- Format: Kindle Edition
- File Size: 1517 KB
- Print Length: 363 pages
- Simultaneous Device Usage: Unlimited
- Publisher: Ashton Publishing Group (22 July 2014)
- Sold by: Amazon Media EU S.à r.l.
- Language: English
- ASIN: B00M0DQGXU
- Text-to-Speech: Enabled
- Word Wise: Enabled
- Average Customer Review: 10 customer reviews
- Amazon Bestsellers Rank: #117,458 Paid in Kindle Store (See Top 100 Paid in Kindle Store)
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Genetic Bullets: A Thriller (A Rossler Foundation Mystery Book 3) Kindle Edition
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Top customer reviews
Initially one feels Ryan is just plain ignorant and/or too lazy to have done his research; as the story progresses one realises that Ryan’s intention is actually insidious, that he is engaged in misinformation and propaganda. This book doesn’t even have the merit of being at least internally consistent and thrilling with an ingenious resolution. His prose has become more pedestrian, clichéd card-board cut-out characters plodding towards a deux ex machina dénouement. His resolution to the story would be comically quick if it didn’t show his utter contempt for his readers’ intelligence; it’s almost as if Ryan is boring himself. He has thrown out all subtlety and pretence here. The first two books were covered with a patina of liberal idealism (only world peace and harmony would ensure humanity’s future, the benefits of human diversity etc. etc.) although underneath all the English-speaking white characters were flawless and noble, full of vitality and virtue. In contrast non-whites and non-English speaking white characters were either weak, flawed or down-right duplicitous. Here he has dispensed with the need for such “politically-correct” restrictions. When a character calls for wiping out all Middle-Easterners one suspects Ryan doesn’t think they’re wrong to think so, it’s just that the optics wouldn’t play so well.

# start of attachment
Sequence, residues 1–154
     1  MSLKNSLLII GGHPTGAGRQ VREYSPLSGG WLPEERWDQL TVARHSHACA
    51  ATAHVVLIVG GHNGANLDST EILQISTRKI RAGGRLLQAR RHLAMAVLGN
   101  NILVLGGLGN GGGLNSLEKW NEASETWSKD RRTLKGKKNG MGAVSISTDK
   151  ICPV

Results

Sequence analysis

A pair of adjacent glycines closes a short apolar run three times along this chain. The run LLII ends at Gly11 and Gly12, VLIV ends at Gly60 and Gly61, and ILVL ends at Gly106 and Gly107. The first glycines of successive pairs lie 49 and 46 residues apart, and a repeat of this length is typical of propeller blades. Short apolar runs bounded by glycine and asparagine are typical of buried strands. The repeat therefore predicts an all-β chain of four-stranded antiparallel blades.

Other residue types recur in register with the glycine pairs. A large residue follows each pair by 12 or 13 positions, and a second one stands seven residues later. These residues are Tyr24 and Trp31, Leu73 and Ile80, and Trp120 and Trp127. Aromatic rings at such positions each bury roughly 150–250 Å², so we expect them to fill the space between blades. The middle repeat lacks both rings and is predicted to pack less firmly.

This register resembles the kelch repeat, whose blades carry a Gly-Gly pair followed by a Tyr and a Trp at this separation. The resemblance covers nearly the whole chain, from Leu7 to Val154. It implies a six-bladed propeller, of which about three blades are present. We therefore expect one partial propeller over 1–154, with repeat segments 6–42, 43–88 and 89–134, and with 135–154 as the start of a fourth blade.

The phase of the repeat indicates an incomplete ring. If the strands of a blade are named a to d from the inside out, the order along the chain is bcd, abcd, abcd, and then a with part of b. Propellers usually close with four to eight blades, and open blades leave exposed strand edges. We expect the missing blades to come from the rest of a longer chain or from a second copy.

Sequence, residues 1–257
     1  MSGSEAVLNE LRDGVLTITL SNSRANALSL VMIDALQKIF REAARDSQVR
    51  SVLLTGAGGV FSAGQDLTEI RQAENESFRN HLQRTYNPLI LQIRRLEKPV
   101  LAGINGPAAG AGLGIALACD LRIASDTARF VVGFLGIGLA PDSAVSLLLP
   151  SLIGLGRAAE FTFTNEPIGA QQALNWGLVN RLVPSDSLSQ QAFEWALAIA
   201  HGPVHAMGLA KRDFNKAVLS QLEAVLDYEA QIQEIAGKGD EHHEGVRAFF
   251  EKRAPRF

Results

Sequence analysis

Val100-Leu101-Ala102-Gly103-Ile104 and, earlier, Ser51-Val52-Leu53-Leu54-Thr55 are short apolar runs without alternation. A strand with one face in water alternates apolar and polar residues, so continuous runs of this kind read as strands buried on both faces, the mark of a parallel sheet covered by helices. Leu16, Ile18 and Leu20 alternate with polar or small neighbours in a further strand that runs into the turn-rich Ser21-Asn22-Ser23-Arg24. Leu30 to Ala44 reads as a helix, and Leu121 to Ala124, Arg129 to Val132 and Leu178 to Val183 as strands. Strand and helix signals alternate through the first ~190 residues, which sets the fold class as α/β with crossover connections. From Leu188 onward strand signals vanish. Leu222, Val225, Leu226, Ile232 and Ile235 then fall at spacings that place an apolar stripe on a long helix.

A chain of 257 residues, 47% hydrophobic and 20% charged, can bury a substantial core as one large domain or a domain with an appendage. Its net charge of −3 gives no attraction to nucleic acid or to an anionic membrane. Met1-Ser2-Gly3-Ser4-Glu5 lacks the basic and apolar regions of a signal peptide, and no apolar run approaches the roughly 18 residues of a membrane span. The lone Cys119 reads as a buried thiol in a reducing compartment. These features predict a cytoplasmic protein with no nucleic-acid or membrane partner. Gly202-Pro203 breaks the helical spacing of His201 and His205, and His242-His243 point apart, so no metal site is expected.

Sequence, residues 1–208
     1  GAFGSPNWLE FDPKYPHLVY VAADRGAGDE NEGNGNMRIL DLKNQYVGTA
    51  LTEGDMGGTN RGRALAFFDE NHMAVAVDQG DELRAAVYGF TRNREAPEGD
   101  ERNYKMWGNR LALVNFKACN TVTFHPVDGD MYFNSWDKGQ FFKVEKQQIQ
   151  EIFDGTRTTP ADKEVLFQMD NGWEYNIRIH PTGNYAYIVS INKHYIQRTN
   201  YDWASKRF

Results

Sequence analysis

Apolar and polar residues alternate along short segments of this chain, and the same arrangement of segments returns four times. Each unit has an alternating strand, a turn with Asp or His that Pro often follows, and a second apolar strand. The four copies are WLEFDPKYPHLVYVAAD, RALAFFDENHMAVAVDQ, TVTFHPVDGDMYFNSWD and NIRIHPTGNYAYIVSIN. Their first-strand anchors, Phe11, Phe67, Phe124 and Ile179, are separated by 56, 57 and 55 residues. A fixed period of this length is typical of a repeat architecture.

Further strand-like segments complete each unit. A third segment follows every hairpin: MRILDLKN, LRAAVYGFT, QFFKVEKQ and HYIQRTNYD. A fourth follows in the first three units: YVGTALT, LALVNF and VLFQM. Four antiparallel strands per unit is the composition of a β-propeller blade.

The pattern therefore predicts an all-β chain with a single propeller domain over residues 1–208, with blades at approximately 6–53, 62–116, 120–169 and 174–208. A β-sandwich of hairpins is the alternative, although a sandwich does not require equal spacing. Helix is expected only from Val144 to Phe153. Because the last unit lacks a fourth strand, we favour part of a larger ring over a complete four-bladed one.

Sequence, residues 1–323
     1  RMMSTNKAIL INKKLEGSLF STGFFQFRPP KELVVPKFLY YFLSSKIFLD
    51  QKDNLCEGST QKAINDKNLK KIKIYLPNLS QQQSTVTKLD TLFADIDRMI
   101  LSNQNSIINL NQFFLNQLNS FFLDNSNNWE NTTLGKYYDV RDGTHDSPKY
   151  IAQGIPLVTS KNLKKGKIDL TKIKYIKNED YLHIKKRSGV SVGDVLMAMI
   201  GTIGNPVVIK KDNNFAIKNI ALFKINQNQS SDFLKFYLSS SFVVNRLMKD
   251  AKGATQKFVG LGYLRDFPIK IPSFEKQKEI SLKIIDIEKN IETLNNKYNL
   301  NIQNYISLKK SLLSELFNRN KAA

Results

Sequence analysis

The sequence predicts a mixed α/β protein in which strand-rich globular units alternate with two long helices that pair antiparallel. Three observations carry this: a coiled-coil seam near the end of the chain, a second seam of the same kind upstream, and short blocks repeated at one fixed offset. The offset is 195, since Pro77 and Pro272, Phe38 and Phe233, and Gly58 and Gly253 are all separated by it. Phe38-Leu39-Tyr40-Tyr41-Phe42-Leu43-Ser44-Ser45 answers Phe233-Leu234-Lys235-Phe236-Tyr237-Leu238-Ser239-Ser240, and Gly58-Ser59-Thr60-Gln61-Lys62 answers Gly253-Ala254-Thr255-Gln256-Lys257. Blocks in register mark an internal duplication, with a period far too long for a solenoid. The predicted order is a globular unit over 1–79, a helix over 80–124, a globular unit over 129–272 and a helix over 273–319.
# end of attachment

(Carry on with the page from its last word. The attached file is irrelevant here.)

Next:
This is dog-whistling propaganda masquerading as concerned philanthropy.
If you’re picking up this book on a whim, you should know that the previous book, ‘Ninth Cycle Antarctica’ provides the backstory. While in the previous book, the Rossler Foundation expedition team unearths a city deep within the Transantarctic Mountains, sending shockwaves of intrigue and interest across archaeological circles and other interest groups, including the villainous Orion Society. Now in ‘Genetic Bullets’, the Rossler Foundation sends a second expedition to further understand what secrets that the 35,000-year-old city hides within its confines. But as it turns out, the secret is invisible and utterly deadly: a virus that kills everyone it infects within weeks, and it is so virulent that it quickly creates a pandemic across the world—killing tens of millions of people and creating incredible unrest and international conflict that could lead, ultimately, to an actual global apocalypse. With so many people dying and with no apparent cure, governments harbour deep, fierce distrust of one another, creating a highly volatile situation that could easily lead to the final destruction of mankind.
Now if that doesn’t get your juices flowing, then I don’t know what will. Ryan always has the knack for building up the kind of suspense thrillers that are propelled by their own dynamic, and ‘Genetic Bullets’ is no exception. The tension mounts unwaveringly chapter after chapter, and by the middle of the book, it becomes impossible to put this book down—you must read through to the end or, as they say, lose your marbles.
As polished and carefully and masterfully plotted as Ryan’s two previous books, ‘Genetic Bullets’ offers some more surprises up its proverbial sleeve. I love, for instance, the first part of the book—the preparation and all the politics involved, as well as the plot asides (the romance developing between JR and Rebecca and all its implications for the expedition team)—which succeeds largely in setting the tone for the rest of the story. The relative peace of the first part juxtaposes starkly with the sheer chaos of the book’s latter part. The thing about the author is that Ryan can go in and out of complicated plot twists largely unscathed—every turning point is as breathtaking as the last, and the resolution—after all the winding roads that the story has taken—feels as satisfying as a desperate embrace.
Let me suffice it to say that this is an incredible book—drop what you’re doing and get a copy of ‘Genetic Bullets’. Or send this as a gift to anyone you know who has read Ryan’s previous two books—they will be more than grateful and delighted. Another literary homerun, this book is a five-star read from start to finish.
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